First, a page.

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No bull: Marketing lessons from the ER

By December 15, 2008One Comment

No bull: Service matters everywhere

We had to take my four year-old daughter to the emergency room yesterday. No, there wasn’t an accident—but a really bad cough turned for the worse and we needed medical advice, pronto.

We took her to Swedish Hospital’s Issaquah ER and got exactly what we were looking for, and more.

Though we’d never been to this ER before, instead of being handed a stack of forms and sent to the waiting room, we were in a private room in front of doctor in approximately five minutes.


Along the way, we were helped by at least five people who were friendly, attentive and professional.

We learned my daughter has a viral form of pneumonia, were provided with care instructions and then discharged promptly.

As we left, a woman in reception asked her if she’d like a surprise and showed her a large display of Beanie Babies. With a huge smile, she picked a rainbow-colored bear and was given the chance to pick a Beanie for her brother, as well.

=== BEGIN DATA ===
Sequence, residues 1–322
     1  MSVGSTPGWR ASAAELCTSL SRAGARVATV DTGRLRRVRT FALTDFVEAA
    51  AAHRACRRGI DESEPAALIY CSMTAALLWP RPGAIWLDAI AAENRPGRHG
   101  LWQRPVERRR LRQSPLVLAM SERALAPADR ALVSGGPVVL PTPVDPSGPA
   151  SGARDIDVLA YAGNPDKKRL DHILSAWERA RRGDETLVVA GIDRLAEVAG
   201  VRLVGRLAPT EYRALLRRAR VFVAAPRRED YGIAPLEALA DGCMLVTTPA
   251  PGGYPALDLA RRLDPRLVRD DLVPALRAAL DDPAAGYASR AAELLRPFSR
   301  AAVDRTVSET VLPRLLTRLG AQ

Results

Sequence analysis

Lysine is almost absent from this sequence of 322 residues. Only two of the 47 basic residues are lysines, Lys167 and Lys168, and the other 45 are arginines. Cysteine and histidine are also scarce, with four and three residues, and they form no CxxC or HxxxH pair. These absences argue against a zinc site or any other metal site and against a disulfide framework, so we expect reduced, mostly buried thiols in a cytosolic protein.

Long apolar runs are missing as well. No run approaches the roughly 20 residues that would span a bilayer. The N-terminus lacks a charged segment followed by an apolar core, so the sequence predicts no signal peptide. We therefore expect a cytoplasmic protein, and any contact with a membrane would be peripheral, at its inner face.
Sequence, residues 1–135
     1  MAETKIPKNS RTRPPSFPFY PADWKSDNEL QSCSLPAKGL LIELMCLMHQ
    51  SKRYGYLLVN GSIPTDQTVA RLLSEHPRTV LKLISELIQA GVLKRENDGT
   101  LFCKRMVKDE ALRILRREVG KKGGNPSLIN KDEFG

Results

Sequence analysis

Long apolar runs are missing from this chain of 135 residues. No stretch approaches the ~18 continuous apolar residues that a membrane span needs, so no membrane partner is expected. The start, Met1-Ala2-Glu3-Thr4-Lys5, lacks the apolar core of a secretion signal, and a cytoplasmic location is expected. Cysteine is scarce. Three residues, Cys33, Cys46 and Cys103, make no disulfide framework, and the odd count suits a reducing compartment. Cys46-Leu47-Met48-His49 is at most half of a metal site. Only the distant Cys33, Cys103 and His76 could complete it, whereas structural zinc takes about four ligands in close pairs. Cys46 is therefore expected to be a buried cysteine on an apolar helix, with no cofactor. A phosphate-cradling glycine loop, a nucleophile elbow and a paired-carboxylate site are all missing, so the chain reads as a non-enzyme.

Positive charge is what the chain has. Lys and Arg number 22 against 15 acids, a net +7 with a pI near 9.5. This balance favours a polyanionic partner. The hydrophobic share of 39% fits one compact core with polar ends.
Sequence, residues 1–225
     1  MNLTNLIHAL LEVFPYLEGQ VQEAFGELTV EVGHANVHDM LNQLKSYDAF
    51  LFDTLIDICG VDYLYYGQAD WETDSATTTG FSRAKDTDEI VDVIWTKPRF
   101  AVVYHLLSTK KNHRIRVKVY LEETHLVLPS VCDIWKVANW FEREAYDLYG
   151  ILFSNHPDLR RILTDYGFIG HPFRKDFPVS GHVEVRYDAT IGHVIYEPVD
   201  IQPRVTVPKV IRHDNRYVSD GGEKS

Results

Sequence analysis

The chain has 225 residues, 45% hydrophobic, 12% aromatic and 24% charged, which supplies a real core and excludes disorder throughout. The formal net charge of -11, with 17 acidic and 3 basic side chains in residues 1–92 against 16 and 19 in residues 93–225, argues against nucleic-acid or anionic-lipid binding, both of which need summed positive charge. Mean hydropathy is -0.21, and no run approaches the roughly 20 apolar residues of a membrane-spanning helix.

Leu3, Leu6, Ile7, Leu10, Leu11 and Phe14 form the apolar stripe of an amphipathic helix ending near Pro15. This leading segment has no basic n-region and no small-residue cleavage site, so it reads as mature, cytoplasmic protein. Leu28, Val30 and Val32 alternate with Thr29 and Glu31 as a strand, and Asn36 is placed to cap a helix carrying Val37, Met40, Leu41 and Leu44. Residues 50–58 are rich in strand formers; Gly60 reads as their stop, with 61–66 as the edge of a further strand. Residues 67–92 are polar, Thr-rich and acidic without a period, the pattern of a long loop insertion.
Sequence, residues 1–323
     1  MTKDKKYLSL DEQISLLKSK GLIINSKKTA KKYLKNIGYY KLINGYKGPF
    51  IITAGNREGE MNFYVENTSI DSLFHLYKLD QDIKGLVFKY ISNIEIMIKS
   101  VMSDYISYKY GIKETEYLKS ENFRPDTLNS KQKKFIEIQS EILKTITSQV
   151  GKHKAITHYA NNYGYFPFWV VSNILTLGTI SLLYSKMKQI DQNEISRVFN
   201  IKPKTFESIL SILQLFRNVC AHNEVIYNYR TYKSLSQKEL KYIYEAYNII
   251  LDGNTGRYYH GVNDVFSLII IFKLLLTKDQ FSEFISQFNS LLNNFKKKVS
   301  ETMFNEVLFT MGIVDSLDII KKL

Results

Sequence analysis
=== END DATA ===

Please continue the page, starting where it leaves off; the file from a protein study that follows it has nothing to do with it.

“My brother loves red,” was her response as she pointed to ‘Snort’ the bull, above.

We’ve never left the ER with a smile on our faces, until yesterday. And with that, Swedish won one family’s business for life.

Here’s what Swedish did right:

  • By asking a few questions, not dozens, and letting us carry a few simplified forms with us into a room made us feel like treating our daughter promptly was their priority
  • A decisive, well-trained staff was able to run lab work and take x-rays immediately, providing the doctor with the information needed to make his diagnosis
  • The Beanie Baby gesture was unexpected and appreciated—and was certainly buzzworthy
  • The fact is, the way you serve your customers—at every contact point—may be the most important marketing you do.

    Great service—service that’s truly better—gets people talking.

    This post is evidence of that.

    So, where have you received exceptional service when you’ve least expected it? Did you tell others? How did it influence your selection process the next time you needed that product or service?

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    • WOW! I’m saving your post in the folder for the book I’m writing, which will have a big section on customer service. A hospital that gets it is rare indeed.

      Shel Horowitz, award-winning author of Principled Profit: Marketing That Puts People First and six other books

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